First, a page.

Is it possible to tell what happened as a result of the Spanish American War Quizlet?
A peace agreement under U.S. conditions, which includes the cession of Cuba, Puerto Rico, and the capital of the Philippines to the United States while a permanent peace treaty is negotiated, brings the short and one-sided Spanish-American War to a close.
The Spanish-American War of 1898 brought Spain’s colonial empire in the Western Hemisphere to an end and cemented the United States’ place as a Pacific power in the hemisphere. As a result of the conflict, the United States was able to solidify its supremacy in the Caribbean area while also pursuing its strategic and economic goals in the Asian region.
During the Spanish-American War of 1898, Spain’s colonial empire in the Western Hemisphere was brought to an end, and the United States’ status as a Pacific power was established. As a result of the conflict, the United States was able to solidify its supremacy in the Caribbean area while also pursuing its strategic and economic objectives in the Asian continent.
The Philippines, as well as the islands of Guam and Puerto Rico, were given to the United States. Cuba gained independence, and Spain received a settlement of $20 million dollars for its losses. In the United States, the pact sparked a spirited discussion over its merits.
The Treaty of Paris, which was signed on December 10, 1898, brought the war to a close. A consequence of this is that Spain has lost authority over the remnants of its former foreign empire — which includes Cuba, Puerto Rico and the Philippines Islands as well as Guam and other Pacific islands.
During the Battle of Asomante, the US forces conquered the town of Asomante and captured a large number of Spanish captives. At the same moment, American soldiers conquered the Philippine capital of Manila. This series of two fights resulted in an armistice agreement, which was immediately followed by the Treaty of Paris, which brought the Spanish–American War to a successful conclusion.
Was there any positive economic impact from the Spanish-American War? The shipbuilding industry in the United States has seen a slump. With direct access to extra natural resources and international markets, the United States acquired an advantage over its competitors. As energy supplies such as coal and petroleum dwindle, so does the demand for coal and petroleum.
The United States ascended to the status of international power; Cuba obtained independence from Spain; and the United States seized control of the Philippines, Guam, and Puerto Rico from the Spanish government.
Military-wise, the Spanish-American War (1898) was hardly a watershed moment in history. Lifting its head from a century of isolationism and flexing its muscles against the Spanish, the United States was now transitioning to a more active position in international relations. The conflict illustrated the United States’ shift toward imperialism (the taking of colonies).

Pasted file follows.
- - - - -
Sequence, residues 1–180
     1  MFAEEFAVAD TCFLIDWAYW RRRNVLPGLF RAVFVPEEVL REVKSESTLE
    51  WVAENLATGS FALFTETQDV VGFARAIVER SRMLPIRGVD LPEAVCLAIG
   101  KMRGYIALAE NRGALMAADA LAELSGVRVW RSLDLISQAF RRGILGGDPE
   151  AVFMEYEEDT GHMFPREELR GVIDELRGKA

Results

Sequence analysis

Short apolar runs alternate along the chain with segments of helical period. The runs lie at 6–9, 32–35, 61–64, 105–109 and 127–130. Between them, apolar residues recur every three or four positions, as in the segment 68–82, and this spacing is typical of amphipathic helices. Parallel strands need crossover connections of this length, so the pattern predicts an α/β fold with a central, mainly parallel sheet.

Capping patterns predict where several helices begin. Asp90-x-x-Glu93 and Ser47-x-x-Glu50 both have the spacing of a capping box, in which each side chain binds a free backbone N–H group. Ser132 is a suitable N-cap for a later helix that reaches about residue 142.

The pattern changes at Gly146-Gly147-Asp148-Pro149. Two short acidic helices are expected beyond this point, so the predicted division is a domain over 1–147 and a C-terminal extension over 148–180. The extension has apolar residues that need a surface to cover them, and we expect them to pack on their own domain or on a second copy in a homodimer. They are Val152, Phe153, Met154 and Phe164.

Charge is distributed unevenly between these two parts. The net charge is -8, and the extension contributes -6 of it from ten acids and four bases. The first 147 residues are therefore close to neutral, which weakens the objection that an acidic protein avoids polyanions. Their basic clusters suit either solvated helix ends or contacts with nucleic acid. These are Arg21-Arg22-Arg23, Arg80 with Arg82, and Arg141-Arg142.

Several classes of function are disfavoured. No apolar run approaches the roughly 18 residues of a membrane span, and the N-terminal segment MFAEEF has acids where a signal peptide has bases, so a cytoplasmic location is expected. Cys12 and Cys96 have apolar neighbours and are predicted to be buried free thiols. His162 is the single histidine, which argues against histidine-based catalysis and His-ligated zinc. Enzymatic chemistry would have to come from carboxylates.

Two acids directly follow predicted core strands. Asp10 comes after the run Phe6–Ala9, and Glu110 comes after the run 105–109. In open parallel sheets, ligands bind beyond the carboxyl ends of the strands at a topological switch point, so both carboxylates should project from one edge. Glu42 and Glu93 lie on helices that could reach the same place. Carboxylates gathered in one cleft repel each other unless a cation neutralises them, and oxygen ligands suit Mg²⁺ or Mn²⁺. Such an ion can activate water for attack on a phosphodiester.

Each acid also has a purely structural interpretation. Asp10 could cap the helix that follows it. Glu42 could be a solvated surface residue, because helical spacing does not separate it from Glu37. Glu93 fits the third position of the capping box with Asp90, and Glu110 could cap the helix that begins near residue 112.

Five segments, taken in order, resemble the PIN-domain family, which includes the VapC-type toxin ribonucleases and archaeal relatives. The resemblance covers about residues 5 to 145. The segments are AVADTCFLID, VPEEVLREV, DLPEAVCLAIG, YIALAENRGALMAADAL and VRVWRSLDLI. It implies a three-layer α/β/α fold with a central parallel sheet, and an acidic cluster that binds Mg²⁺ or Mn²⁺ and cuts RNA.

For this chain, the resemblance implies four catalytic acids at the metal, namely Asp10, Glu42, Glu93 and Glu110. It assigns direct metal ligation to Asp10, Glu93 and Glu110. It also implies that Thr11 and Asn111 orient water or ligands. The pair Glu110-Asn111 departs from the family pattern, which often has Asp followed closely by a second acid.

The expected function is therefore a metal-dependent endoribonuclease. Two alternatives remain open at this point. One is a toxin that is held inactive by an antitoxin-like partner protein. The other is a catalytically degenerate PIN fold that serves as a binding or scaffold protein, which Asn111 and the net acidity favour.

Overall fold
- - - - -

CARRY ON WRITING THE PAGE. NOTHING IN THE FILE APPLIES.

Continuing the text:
Because of this struggle, along with the Spanish-American trade dispute of the 1890s, the country’s productive potential had been reduced by two-thirds. Close to 20 percent of the city’s estimated prewar population of 1,800,000 had perished, and the outlook for those who survived was gloomy to say the very least. Cubans lacked financial resources and were highly indebted.
Equipment, food, and fuel goods account for the vast majority of Cuba’s imports, while refined fuels, sugar, tobacco, nickel, and medicines account for the vast majority of its exports.
Why were corporations in the United States disturbed by Spanish reactions to the Cuban Revolution in the late nineteenth century? Businesses in the United States were concerned that they would lose money that they had invested. When newspapers published sensationalized tales in the late 1800s, it resulted in the following: newspapers had a significant effect on American politics.
The First Philippine Republic declared war on the United States on June 2, 1899, marking the beginning of the Philippine-American War. The capture of Philippine President Emilio Aguinaldo on March 23, 1901, and the formal declaration of the war’s end by the American administration on July 2, 1902, marked the end of the conflict for the United States.
Following its loss in the Spanish-American War of 1898, Spain signed the Treaty of Paris, which transferred control of its long-standing colony of the Philippines to the United States. As many as 200,000 Filipino citizens perished as a result of brutality, malnutrition, and illness during the Second World War.
In what ways did imperialism have an impact on the country? Negative consequences: As a result of the Filipino uprising against American control, a violent conflict, known as the Philippine-American War, erupted. As a result of the conflict, more than one million Filipinos perished. The Philippines was left without a strong leader, and the country suffered economically as a result of this.